When loan is paid, make sure lender files required paperwork

Q: My wife and I are finally about to realize the longtime dream of paying off the mortgage on our house. Before we “burn the mortgage,” we want to know what paperwork constitutes legal ownership of a home? Do we require a title? If so, what steps do we take in applying for it? – M.G., Everett

A: When you get a loan to buy a car, the bank typically holds the title to the car until you pay off the loan. The title to the car is then transferred into your name.

But that is NOT how it works with real estate. You often hear people say “the bank owns my house,” by which they mean that they are still making payments on a mortgage. In reality, they “own” the house from the moment the deal closes and the deed is recorded with the county because Washington is a “lien theory” state. When you bought your home, the deed was recorded in your name. Check your title insurance policy and you will see that you are listed as the legal owner of the property. When a bank loans you the money to buy a house it acquires a lien against your home, but it does not appear as a legal owner of the property. The lender’s lien interest only comes into play if you fail to make your mortgage payments on time. The lender then has the legal right to seize control of your property and sell it at auction to pay off the loan. But as long as you make your mortgage payments on time, the lender has no rights to your property.

Once your mortgage or “deed of trust” is paid in full, the lender will record a “satisfaction” document to release the lender’s lien on the property. You don’t have to do anything to gain legal title to the property because you already have it. And when the lien is released, you own the property “free and clear,” which means there are no existing liens against the property.

The only problem is that lenders occasionally fail to record the proper satisfaction documents to clear title to the property after a loan has been paid off. You have to remember that once the bank has all its money, you become an administrative expense rather than a source of income. That drops you to a very low priority. For example, I have a friend who paid off the mortgage on his home a few years ago. He repeatedly called the lender asking for the “satisfaction of mortgage” document. Finally, after 14 months of constant pressure, he got the required documents to release the lien on his home. Who knows how long it might have taken if he had simply waited for the bank to record the documents on their own. Now, I don’t want you to think that all lenders act this way, but “stuff happens,” so you need to protect yourself.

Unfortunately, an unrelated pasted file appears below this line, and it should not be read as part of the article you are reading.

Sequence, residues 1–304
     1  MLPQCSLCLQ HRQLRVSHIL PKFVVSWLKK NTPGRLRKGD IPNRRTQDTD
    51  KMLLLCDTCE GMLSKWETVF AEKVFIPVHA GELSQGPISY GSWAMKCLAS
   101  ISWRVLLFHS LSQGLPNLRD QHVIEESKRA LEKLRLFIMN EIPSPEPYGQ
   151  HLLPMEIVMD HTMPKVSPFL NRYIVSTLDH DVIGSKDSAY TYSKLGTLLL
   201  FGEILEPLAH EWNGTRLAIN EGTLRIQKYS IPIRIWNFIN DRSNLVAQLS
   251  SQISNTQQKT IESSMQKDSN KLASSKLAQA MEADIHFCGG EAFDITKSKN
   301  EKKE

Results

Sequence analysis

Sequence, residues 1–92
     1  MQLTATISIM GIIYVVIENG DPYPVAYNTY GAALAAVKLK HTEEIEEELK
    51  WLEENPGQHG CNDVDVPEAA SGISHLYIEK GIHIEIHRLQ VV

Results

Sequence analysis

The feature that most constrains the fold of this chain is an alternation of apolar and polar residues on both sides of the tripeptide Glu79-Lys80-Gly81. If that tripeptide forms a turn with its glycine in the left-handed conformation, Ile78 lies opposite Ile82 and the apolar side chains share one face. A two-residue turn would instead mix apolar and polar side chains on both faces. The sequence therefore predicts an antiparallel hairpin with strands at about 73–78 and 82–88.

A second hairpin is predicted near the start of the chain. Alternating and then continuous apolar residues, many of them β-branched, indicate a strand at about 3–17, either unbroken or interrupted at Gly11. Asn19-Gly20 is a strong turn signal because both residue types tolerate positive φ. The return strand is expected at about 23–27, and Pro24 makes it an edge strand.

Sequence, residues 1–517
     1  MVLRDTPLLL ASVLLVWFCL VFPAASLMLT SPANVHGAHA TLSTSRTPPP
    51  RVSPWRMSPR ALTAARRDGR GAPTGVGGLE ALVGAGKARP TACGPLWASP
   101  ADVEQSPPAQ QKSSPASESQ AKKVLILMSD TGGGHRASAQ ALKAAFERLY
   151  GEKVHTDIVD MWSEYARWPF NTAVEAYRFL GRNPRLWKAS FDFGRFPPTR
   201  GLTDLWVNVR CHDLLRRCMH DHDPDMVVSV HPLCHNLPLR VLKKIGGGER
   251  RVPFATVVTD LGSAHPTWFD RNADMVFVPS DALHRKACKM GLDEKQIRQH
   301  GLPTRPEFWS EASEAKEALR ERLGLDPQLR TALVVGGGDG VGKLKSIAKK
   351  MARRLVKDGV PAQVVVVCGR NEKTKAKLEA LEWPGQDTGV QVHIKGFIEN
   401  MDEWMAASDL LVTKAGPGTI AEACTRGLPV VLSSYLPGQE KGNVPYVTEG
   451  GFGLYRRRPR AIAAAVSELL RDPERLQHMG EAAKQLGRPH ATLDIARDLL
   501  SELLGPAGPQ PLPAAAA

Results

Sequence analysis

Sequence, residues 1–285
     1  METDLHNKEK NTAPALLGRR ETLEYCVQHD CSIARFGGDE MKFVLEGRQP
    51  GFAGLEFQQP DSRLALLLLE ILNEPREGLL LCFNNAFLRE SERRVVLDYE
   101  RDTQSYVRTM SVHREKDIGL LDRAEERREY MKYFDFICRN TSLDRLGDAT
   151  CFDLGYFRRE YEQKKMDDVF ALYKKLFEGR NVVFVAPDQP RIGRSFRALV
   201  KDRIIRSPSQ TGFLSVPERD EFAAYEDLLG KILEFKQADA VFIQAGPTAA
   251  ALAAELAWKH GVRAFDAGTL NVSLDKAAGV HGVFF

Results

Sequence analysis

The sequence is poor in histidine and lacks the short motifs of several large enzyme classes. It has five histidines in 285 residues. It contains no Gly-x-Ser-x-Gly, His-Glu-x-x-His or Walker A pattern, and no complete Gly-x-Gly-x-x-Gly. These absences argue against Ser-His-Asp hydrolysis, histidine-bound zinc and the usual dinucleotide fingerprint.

If a mortgage lien is not properly released, it can create serious title problems in the future when you sell your home. For example, one of my mortgage clients was involved in a real estate purchase transaction in which the preliminary title insurance report showed that the sellers still owed $45,000 on a loan that had actually been paid off several years ago. The bank had been sold since the original loan was made and the lender that acquired the mortgage failed to record a satisfaction document when the loan was paid off. It took a lot of scrambling by the title insurance company to straighten out the mess in order to prevent the deal from falling apart at the last minute.

You can avoid a nasty surprise by making sure that your mortgage lender records the proper satisfaction documents as soon as you make your last payment to pay off your loan. The longer you wait, the more difficult it becomes to track down the appropriate paperwork to clear the title to your property. It might even be worth paying an escrow company $50 to handle the payoff for you, to make sure it is handled correctly. If you want extra peace of mind, you can buy a title insurance policy to verify that the title to your property is free and clear, but there is no requirement to do so.

Steve Tytler is a licensed real estate broker and owner of Best Mortgage, Inc. You can visit the Best Mortage Web site at www.bestmortgage.com.

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